A Weblog Dedicated to the Discussion of the Christian Faith and 21st Century Life

A Weblog Dedicated to the Discussion of the Christian Faith and 21st Century Life
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I do not seek to understand that I may believe, but I believe in order to understand. For this also I believe, –that unless I believed, I should not understand.-- St. Anselm of Canterbury (1033-1109)

Tuesday, May 15, 2007

The Quotable J.B. Phillips (1906-1982)

God may thunder His commands from Mount Sinai and men may fear, yet remain at heart exactly as they were before. But let a man once see his God down in the arena as a Man, - suffering, tempted, sweating, and agonized, finally dying a criminal's death - and he is a hard man indeed who is untouched (Your God is Too Small).

Much of today's Christianity is almost completely earthbound, and the words of Jesus about what follows this life are scarcely studied at all. This, I believe, is partly due to man's enormous technical successes, which make him feel master of the human situation. But it is also partly due to our scholars and experts. By the time they have finished with their dissection of the New Testament and with their explaining away as "myth" all that they find disquieting or unacceptable to the modern mind, the Christian way of life is little more than humanism with a slight tinge of religion (Ring of Truth).

I have heard professing Christians of our own day speak as though the historicity of the Gospels does not matter - all that matters is the contemporary Spirit of Christ. I contend that the historicity does matter, and I do not see why we, who live nearly two thousand years later, should call into question an Event for which there were many eye-witnesses still living at the time when most of the New Testament was written. It was no "cunningly devised fable" but an historic irruption of God into human history which gave birth to a young church so sturdy that the pagan world could not stifle or destroy it (Ring of Truth).

To me there is a much more frightening ignorance in our modern world than the "ignorance of the heathen". I am referring to the almost total ignorance of the content and implication of the Christian Faith shown by many "clever" people today. Frankly, I find it horrifying to discover that men who are experts in their own line - in astronomy, genetics, or nuclear physics, for example - have no adult knowledge of what the Church of Christ stands for, and a complete blank ignorance of what the Church is achieving today. It is the more horrifying because people who rightly respect the expert for his knowledge in his own field have no idea that he has not carefully examined and reluctantly discarded Christianity; but in all probability he has never studied it at all! (The Church Under the Cross).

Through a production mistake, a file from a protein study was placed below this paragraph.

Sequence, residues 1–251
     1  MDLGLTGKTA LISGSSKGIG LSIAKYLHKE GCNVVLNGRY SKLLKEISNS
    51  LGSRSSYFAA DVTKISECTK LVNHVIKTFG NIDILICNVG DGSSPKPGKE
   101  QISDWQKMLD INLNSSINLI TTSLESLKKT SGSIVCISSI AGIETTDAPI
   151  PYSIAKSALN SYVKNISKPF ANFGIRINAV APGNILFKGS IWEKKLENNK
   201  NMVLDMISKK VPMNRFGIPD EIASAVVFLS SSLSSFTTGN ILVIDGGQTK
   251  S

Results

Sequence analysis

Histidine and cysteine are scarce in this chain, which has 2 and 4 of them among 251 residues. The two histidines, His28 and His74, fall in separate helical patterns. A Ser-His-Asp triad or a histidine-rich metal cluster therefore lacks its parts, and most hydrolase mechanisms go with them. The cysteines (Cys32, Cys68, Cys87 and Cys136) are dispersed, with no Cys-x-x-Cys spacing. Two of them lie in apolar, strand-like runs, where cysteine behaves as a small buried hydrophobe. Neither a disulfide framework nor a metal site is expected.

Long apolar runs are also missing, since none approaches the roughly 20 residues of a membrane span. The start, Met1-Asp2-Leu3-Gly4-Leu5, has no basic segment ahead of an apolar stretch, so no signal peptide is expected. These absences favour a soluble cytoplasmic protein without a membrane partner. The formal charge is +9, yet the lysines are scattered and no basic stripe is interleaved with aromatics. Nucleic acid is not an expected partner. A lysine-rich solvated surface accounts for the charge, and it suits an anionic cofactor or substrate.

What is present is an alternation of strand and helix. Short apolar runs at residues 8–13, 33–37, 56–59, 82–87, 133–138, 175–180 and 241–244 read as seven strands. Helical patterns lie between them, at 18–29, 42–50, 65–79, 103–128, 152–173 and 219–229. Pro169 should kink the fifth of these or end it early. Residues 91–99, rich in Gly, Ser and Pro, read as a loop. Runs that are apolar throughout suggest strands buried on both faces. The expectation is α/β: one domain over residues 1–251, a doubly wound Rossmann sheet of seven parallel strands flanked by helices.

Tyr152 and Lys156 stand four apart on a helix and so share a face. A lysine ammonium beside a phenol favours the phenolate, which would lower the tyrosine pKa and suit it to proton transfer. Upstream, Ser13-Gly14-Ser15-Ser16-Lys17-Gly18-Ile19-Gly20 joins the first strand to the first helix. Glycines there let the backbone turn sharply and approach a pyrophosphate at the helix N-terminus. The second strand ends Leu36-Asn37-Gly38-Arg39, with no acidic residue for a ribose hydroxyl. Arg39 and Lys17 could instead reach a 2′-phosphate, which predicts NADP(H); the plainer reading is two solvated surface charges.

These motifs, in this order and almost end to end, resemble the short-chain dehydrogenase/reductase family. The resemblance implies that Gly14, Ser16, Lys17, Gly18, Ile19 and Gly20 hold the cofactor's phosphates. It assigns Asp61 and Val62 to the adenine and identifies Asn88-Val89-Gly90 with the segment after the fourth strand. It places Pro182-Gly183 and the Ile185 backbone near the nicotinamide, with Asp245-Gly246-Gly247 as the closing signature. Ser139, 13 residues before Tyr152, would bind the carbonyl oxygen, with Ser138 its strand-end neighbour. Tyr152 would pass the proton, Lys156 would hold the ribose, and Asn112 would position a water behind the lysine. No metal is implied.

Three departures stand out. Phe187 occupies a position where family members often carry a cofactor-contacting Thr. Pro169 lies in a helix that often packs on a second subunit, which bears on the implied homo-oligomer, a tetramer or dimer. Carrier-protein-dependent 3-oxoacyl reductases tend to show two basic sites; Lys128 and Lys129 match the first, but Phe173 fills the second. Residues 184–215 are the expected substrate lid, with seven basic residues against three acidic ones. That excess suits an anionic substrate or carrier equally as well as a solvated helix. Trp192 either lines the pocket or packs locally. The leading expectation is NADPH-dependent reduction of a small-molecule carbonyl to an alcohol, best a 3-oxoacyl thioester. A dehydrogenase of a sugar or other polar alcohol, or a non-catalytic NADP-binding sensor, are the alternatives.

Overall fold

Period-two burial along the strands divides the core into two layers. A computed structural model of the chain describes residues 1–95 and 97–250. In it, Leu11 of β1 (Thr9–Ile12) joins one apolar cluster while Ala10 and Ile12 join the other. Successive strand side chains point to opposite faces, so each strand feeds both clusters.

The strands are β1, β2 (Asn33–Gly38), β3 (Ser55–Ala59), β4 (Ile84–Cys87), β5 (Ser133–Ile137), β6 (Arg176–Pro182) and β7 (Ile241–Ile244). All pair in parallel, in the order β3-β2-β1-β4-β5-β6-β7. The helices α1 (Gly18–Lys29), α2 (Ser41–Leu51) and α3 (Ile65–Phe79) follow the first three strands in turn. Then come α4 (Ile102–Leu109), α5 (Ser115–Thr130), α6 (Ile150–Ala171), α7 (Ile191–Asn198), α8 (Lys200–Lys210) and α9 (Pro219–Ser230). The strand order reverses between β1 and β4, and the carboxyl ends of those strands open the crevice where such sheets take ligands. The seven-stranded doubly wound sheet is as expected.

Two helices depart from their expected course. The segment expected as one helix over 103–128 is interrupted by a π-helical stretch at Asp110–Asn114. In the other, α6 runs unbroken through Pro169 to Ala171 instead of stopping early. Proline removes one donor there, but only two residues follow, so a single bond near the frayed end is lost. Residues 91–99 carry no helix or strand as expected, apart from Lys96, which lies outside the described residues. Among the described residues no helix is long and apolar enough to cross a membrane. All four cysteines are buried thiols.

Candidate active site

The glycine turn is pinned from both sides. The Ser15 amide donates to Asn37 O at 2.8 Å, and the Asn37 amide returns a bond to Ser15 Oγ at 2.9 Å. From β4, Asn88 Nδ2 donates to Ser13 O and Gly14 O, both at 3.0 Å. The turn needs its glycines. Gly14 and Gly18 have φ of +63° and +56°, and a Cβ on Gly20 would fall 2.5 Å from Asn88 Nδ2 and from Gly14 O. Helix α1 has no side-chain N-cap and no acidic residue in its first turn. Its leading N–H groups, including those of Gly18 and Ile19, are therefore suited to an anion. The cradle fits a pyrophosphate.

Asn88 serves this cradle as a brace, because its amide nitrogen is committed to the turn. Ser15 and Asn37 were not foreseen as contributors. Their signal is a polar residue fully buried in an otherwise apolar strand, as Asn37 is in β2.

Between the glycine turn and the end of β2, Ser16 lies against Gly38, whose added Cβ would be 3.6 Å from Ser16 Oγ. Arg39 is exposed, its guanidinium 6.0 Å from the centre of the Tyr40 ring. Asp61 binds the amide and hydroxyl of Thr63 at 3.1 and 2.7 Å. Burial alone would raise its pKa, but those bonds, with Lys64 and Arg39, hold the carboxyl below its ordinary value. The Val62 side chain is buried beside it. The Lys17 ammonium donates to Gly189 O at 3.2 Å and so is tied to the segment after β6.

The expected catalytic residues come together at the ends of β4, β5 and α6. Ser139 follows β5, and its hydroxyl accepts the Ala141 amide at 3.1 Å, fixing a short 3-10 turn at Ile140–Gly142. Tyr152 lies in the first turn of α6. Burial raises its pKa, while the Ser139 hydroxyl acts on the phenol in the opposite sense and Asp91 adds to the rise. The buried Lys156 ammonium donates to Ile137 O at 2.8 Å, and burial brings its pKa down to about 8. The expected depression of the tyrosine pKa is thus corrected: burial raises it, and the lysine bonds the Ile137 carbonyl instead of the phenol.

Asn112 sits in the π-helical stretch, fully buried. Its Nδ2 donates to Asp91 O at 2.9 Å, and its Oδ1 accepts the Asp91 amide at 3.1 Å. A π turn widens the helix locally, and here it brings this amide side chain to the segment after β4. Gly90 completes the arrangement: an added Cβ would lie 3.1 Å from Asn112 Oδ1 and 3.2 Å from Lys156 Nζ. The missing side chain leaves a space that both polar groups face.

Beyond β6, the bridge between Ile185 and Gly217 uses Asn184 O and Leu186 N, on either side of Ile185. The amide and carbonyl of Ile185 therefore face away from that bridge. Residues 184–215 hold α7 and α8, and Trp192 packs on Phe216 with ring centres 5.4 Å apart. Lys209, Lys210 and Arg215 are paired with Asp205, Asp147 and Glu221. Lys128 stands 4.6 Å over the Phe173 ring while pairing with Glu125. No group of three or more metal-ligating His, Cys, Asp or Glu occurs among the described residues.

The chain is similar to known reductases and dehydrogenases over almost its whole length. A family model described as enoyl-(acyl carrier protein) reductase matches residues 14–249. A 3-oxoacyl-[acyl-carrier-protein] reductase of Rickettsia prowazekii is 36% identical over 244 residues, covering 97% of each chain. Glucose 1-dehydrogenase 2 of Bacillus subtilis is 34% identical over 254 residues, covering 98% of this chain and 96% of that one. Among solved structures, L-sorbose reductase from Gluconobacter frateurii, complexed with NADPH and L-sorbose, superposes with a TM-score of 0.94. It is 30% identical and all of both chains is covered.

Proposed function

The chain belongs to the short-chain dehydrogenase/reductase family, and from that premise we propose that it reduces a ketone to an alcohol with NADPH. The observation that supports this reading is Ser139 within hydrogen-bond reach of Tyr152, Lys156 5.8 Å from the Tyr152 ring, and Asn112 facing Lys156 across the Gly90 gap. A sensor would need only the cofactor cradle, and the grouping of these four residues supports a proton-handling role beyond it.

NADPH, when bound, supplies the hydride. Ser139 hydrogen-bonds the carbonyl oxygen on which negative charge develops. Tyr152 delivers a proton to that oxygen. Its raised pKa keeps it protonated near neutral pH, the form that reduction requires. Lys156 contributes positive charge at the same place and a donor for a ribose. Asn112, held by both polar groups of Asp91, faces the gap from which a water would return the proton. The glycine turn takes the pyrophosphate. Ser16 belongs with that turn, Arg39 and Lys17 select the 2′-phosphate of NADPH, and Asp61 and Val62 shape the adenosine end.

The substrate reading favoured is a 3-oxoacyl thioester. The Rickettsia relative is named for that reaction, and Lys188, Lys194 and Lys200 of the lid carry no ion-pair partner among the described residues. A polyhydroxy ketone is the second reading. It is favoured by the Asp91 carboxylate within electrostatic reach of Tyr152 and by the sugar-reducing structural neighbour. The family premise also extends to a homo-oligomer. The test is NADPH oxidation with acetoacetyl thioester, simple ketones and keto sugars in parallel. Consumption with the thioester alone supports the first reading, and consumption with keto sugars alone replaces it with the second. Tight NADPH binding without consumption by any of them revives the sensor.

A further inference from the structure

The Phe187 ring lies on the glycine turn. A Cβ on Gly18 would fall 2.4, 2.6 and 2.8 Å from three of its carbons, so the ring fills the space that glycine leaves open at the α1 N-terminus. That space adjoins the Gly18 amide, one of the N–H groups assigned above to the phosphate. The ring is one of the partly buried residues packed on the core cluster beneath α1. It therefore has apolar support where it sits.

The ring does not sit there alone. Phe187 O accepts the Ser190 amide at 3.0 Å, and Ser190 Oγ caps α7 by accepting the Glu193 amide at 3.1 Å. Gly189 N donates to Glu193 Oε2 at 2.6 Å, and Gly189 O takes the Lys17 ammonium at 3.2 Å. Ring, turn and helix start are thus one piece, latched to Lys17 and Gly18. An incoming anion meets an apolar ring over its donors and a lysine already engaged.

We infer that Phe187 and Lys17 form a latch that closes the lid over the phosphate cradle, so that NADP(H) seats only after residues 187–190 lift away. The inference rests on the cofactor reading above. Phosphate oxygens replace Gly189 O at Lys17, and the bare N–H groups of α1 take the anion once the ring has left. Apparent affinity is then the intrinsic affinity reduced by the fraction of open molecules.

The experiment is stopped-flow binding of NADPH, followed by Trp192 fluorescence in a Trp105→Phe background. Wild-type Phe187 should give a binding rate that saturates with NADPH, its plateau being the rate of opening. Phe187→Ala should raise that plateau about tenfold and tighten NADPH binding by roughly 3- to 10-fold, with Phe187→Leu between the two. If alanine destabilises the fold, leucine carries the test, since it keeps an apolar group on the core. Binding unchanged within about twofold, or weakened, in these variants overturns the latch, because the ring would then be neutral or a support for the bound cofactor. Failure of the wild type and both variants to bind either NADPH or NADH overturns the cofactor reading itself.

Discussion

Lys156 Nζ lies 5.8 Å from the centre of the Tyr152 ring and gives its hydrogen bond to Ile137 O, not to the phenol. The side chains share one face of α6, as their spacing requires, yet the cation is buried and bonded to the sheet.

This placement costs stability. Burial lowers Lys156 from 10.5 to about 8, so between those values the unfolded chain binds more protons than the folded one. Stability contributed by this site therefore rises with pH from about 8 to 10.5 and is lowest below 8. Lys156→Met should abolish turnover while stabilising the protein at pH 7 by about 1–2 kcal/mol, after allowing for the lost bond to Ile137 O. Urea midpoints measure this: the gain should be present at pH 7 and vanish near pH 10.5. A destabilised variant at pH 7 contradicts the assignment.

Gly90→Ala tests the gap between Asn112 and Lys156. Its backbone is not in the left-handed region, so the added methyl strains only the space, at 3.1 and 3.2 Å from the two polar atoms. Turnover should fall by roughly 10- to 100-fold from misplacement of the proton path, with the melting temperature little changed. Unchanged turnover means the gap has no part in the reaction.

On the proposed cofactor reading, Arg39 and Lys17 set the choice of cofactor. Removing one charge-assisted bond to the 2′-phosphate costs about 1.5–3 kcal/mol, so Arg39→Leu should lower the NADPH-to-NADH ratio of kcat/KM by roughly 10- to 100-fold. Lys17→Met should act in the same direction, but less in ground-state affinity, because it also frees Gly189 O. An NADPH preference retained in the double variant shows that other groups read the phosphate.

The New Testament is indeed a book full of hope, but we may search it in vain for any vague humanist optimism. The second coming of Christ, the second irruption of eternity into time, will be immediate, violent and conclusive. The human experiment is to end, illusion will give way to reality, the temporary disappear before the permanent, and the king will be seen for who he is. The thief in the night, the lightning flash, the sound of the last trumpet, the voice of God’s archangel—these may all be picture-language, but they are pictures of something sudden, catastrophic, and decisive. By no stretch of the imagination do they describe a gradual process (The Danger of Advent).

While we continue to pray and work for the spread of the kingdom in this transitory world, we know that its center of gravity is not here at all. When God decides that the human experiment has gone on long enough, yes, even in the midst of what appears to us confusion and incompleteness, Christ will come again (The Danger of Advent).

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